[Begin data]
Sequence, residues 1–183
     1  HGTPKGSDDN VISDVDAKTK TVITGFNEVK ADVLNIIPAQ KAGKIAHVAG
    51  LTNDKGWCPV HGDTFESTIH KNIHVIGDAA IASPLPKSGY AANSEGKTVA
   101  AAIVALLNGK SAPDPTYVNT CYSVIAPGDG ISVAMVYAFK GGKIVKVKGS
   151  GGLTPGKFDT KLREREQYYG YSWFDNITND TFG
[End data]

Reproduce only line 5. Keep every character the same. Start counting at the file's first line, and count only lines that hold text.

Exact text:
   151  GGLTPGKFDT KLREREQYYG YSWFDNITND TFG